Anyway sorry that you had such a shitty Fringe Mr Harry – I hope you come around and see that there is a much more fun and interesting way to do the Fringe – come and join the spirit of the Fringe x
HARRY DEANSWAY: What do you think the “big four” spend the 40% they take on?
BOB SLAYER: You tell me what they spend it on? Building huge temporary bars that make them the real cash? Promoting mixed bill shows that also make them cash and suck tickets from their real shows? Sending their kids to Eton?
What I can tell you is that it is not necessary for them to charge such shitty deals – and what is more – as more and more acts find alternatives elsewhere and leave the Pay-to-Play venues – then they will be forced to change how they operate / what they offer.
They will either be forced to offer comedians and other low production acts better deals.
Or, as we have already seen them doing, they will move out of comedy into shows requiring larger production where these deals originated and have more justification. I suspect we will see both happening
It’s all very exciting watching the Fringe move towards a more interesting place – something that independent promoters such as the Free Fringe(s) and now Heroes have made happen.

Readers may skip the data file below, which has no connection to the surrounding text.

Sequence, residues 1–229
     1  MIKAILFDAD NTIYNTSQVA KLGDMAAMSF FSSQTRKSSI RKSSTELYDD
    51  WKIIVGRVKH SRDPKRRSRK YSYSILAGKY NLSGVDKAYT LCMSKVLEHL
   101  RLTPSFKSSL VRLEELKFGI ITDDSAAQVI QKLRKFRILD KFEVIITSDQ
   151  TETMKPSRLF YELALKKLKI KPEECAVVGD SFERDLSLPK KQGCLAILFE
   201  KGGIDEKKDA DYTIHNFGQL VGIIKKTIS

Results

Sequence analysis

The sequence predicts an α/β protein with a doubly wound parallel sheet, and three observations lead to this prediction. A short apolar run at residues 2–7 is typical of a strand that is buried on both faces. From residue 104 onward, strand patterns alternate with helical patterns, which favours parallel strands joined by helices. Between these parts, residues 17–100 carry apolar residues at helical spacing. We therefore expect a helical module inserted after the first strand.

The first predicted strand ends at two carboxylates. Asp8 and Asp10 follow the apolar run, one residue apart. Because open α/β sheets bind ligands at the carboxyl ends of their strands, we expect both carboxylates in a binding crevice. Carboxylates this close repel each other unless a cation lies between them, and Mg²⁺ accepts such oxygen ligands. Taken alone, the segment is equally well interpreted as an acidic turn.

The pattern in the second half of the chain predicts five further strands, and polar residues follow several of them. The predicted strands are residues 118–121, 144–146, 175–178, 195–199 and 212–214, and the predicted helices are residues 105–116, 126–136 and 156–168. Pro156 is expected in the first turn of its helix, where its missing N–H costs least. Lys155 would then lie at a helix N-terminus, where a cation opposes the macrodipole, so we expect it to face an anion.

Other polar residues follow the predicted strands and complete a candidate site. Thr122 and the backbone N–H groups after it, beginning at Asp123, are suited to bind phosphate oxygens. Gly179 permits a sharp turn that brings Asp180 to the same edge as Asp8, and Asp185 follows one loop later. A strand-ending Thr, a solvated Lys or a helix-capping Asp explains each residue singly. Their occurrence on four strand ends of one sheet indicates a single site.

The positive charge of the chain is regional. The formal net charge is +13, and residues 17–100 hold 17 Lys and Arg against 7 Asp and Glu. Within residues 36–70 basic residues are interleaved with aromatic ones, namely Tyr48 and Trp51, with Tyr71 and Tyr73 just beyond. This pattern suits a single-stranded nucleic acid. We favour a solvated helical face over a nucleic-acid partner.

HARRY DEANSWAY: You had a bar in Bob’s Bookshop. Did the acts you promoted get a cut of that or did you get it all on top of the 30% you were already taking from them as a promoter? Sounds like what you would call Pay to Play to me.
Also you are going on about your deal like it’s amazingly better, it’s 10% better and considering your venue was so tiny and were only charging £5, relative to your interpretation of the Big Four’s deal yours really is not that great. In fact relatively speaking it’s probably worse than the Big Four’s.
Also can I just clarify your ticketing policy. You charge if a show becomes successful ? But the unsuccessful ones are “free?” Why do you not charge for all shows, do you think some are lesser quality than others?
I don’t know what they spend the 40% on but at a guess I would say maintaining the infrastructure of the venues to make it the best it can be for performers and audience alike.
BOB SLAYER: As you know you are looking at the percentages all wrong in order to add confusion where it doesn’t need to be… We price our tickets so that they sell without huge inefficient marketing costs (This year we went with a fixed price of £5)
That means the acts that we produced on a 70/30 split saw 70% of their ticket income = £3.50 per ticket pretty much from the first ticket – We also offered acts the option to self produce their shows and take 100% of their ticket = £5 per ticket – the majority of our acts opted for self production
Whereas the costs are set so high on the pay-to-play venues that the 60/40 split hardly come into play and so acts in their venues see roughly the square root of fuck all from each ticket sold.